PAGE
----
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Again, the upheaving and laying dry from the domains of the ocean of any large portion of land, especially where it is destitute of all marks of forcible disruption, or the apparent effects of sudden violence, must, by rational comparison, be inferred to have taken place by almost imperceptible degrees. When we combine these considerations with that of the number of superposed beds which observation of the varieties of mineral character as well as of characteristic fossils discloses to us, and of the limited local extent of each, we are necessitated, upon the lowest possible computation consistent with inductive inference, to assign an almost incalculable series of ages to each one of those successive deposits, and, strictly in the spirit of inductive analogy, to carry our inferences back to epochs in the depths of primæval antiquity in the history of our planet, during which long-continued dynasties of animal and vegetable life maintained their sway under circumstances more or less different from any which prevail now, yet in all cases evincing the unbroken continuance of the same analogies in the structure and instincts of the animals, and in the regular operation of the same physical laws in conformity with which the changes were brought about.
Instances occur where a mountain mass bears evident marks of having been forced up from beneath, while, resting on its base, the strata of the plain (of a different kind of rock,) are observed perfectly horizontal and undisturbed. No one who is
disposed to consider the subject in a rational way can doubt that these undisturbed strata were deposited after the upheaving of the mountains.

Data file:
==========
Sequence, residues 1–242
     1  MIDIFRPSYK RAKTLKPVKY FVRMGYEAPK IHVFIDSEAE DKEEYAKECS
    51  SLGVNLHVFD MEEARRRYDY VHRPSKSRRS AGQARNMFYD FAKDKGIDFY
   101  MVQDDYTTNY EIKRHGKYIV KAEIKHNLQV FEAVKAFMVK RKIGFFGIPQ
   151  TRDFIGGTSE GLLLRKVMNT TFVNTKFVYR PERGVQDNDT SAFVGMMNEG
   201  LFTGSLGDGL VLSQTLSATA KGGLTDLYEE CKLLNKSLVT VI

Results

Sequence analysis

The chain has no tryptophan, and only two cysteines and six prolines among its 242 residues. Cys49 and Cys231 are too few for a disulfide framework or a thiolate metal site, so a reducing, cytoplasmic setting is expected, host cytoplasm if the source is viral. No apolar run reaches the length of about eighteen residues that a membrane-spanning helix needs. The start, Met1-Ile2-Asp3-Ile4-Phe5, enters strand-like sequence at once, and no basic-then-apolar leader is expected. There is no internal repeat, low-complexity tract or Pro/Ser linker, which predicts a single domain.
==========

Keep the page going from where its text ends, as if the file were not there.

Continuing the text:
Again, in certain other mountains, a different set of appearances present themselves; patches of superficial strata, the same as those of the valley, are found resting on the elevated parts; and the strata of the valley also disturbed from their horizontal position, tilted up and inclined against the sides of the mountain. No reasonable doubt can be entertained that these were deposited before the upheaving of the mountains; and were carried up by the same action which elevated them.
Combinations of Inductions.
THE force of inductive conclusions, guided by wide analogies, is often immensely increased by the combination, and converging to a common point, of several different trains of investigation, setting out from entirely distinct and remote origins; yet all ultimately, and often very unexpectedly, brought to bear on the same conclusion.
Thus Dugald Stewart had acutely observed, "The uniformity of animal instinct presupposes a corresponding regularity in the physical laws of the universe, insomuch that if the established order of the material world were to be essentially disturbed, (the instincts of the brutes remaining the same,) all their various tribes would inevitably perish." Mr. *Philosophy of Mind, ii. 230.
Lyell extends this inference in a remarkable manner to the condition of the globe at a remote period.
"Any naturalist," (he observes,)" will be convinced, on slight reflection, of the justice of this remark. He will also admit that the same species have always retained the same instincts, and therefore that all the strata wherein any of their remains occur must have been formed when the phenomena of inanimate matter were the same as they are in the actual condition of the earth. The same conclusion must also be extended to the extinct animals with which the remains of these living species are associated; and by these means we are enabled to establish the permanence of the existing physical laws throughout the whole period when the tertiary deposits were formed *."